By Beth David, Editor
The Acushnet Selectboard voted to hire Brian Noble as the new Town Administrator at its meeting on Friday, 11/4. Mr. Noble is the TA in Northfield, Mass. Board members also interviewed William Diedering, a former Selectboard member in Sandwich.
All three board members sang the praises of Mr. Diedering, but said that, in the end, they feld Mr. Noble would be a better fit for the town.
Kevin Paicos has been acting as interim TA since the summer when former TA Alan Coutinho retired. Mr. Paicos said he is available to stay on until Mr. Noble can start in a couple of months.
Board members asked both men about their experience in various areas, including finances, creating budgets, saving money, and taxing power companies.
Mr. Noble’s experience was more directly related to the exact tasks in most of the areas.
He told the board that he was successful in negotiating agreements with the Northfield Mountain hydroelectric plant. He said he saved the town money by renegotiating insurance coverage. Although the payout was the same, Mr. Noble said the town got double the coverage.
In addition to his budget experience as a town administrator, Mr. Noble said he was also on the Finance Committee for six years, and was chief budget officer for six school budgets.
He also said he was familiar with regionalization efforts and was open to exploring regionalization opportunities for Acushnet’s benefit, including grants, insurance savings, and human resources benefits.
Before voting, Selectboard member Kevin Gaspar took time to sing the praises of Mr. Paicos, saying he “brought a level of professionalism” to the job, and using words like “phenomenal,” even saying he was “shocked at the job he’s doing.”
Mr. Gaspar said it was clear that Mr. Noble had the experience that the town needed in a new TA.
Selectboard member Michael Cioper agreed, saying that the town needed someone who could “hit the ground running.”
Selectboard chairperson Garry Rawcliffe agreed, and the board voted unanimously to offer Mr. Noble the job, pending contract negotiations.
In another matter, the board heard from Mark Rasmussen, the Executive Director of the Buzzards Bay Coalition, about the proposal to use Community Preservation funds to buy a piece of property that the BBC would then own.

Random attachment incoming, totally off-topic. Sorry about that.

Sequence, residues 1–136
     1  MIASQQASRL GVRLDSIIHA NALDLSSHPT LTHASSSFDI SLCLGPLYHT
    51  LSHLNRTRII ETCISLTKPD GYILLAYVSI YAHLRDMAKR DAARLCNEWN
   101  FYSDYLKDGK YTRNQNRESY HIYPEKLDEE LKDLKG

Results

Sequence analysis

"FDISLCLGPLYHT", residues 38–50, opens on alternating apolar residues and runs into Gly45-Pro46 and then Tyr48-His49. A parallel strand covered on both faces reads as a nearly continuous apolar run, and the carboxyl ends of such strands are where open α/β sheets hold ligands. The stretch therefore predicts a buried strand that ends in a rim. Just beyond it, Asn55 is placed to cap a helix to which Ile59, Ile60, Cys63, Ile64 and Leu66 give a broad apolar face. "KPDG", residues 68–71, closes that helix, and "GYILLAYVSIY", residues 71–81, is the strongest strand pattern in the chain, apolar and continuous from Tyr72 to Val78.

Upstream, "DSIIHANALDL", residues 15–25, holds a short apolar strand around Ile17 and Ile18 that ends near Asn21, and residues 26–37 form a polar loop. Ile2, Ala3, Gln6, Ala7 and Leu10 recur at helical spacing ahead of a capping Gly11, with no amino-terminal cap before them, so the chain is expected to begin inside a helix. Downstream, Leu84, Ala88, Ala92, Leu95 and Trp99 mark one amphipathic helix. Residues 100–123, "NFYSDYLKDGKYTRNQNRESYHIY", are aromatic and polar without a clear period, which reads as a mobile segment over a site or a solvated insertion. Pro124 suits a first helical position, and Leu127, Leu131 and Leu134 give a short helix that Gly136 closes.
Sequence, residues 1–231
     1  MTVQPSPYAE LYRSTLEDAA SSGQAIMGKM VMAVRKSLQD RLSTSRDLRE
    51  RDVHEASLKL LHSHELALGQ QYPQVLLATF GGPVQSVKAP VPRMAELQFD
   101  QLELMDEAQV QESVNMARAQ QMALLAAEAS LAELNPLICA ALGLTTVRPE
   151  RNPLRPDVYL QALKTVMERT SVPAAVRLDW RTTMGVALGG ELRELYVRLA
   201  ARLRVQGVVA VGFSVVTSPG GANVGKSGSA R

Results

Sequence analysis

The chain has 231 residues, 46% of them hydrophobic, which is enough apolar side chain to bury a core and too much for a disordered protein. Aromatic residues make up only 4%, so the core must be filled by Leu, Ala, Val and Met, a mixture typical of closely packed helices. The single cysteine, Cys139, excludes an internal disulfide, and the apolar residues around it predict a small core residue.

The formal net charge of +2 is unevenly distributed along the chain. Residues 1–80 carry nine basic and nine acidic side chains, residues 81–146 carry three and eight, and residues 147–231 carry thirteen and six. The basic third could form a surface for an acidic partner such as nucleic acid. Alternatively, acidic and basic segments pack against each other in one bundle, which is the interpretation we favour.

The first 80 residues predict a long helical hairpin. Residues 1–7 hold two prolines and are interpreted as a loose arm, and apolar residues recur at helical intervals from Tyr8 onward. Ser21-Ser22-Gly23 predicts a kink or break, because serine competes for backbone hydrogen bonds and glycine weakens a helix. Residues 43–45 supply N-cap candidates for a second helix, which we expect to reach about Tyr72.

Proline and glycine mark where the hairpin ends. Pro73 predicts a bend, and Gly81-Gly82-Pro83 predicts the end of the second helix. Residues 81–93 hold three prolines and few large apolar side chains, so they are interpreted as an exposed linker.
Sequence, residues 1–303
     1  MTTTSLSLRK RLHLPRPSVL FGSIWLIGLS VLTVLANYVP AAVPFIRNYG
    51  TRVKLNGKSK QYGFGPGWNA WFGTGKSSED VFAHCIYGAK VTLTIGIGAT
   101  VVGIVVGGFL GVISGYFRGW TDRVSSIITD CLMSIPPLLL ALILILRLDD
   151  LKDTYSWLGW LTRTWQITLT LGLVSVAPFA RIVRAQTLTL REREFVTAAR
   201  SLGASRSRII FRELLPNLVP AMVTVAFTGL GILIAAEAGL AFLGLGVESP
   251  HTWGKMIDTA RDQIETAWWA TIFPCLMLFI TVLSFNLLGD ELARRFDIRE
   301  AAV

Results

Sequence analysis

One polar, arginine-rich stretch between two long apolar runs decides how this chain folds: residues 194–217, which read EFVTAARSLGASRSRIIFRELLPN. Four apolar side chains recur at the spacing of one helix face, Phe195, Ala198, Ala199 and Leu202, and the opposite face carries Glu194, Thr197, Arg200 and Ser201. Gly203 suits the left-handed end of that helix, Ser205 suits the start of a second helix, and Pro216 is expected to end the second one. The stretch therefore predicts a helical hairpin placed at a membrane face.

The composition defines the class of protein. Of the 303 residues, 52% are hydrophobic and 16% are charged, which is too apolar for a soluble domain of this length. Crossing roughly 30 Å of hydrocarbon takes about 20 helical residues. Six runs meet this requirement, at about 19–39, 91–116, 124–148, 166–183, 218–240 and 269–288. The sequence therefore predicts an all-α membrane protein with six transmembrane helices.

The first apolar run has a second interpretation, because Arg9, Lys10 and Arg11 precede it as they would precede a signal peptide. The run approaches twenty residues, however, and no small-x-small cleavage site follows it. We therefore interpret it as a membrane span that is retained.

At the last Selectboard meeting, the board held off on voting, after concerns arose about the wisdom of using town funds to buy property that would be owned by a private organization.
The BBC owns several pieces of property, including the Sawmill in Acushnet. The BBC properties are open to the public, managed by the BBC, and the towns own the conservation restrictions on them. The BBC also owns the former LaPalme Farm in Acushnet.
The property in question is on Hamlin Street, near the herring run, provides access to the Acushnet River, and is known as the Milos/Jaros property. It is near the White’s Farm property.
In a follow-up phone interview, Mr. Rasmussen said that the BBC, the Acushnet Conservation Commission and the Community Preservation Committee had been working on the deal for a long time.
The plan calls for the BBC to own the nine-acre property and for the ConCom to own the Conservation Restriction on it. The town would put in $150,000 towards the sale, the BBC would put in $60,000 for closing costs, building demolition and site restoration.
Mr. Rasmussen said that any property bought with CPC funds must, by law, be open to the public. He said the BBC had decided some years ago to own properties and manage them as a way to take the burden off municipalities, and maximize the benefits and activities available to the public.
“Let’s face it,” said Mr. Rasmussen. “Towns in this region don’t have the time to be managing public parks to the level we do at Sawmill. That’s a mission of ours.”
The Sawmill property has become “everying we had hoped it would become,” said Mr. Rasmussen. “This expands the vision of an Acushnet River Greenway.”
“We feel that the model we created with the town is a good one,” said Mr. Rasmussen. “We seek outside funds, we own the land, the town makes sure we do what we said by having a conservation restriction on it, but they then outsource the future management of it forever.”
“We put a lot of time and effort into very careful management,” said Mr. Rasmussen.
According to its website, the BBC has protected 7,500 acres from development. In addition to the two Acushnet properties, it also owns The Bogs and Tripps Mill, both in Mattapoisett; and Horseshoe Mill in Wareham. The size of those properties is not clear on the BBC website.
Acushnet Town Meeting will have to approve the use of the CPC funds. It is on the warrant for Monday’s special TM, 11/14.
Click to download the entire 11/10/16 issue: 11-10-16-roadracelunch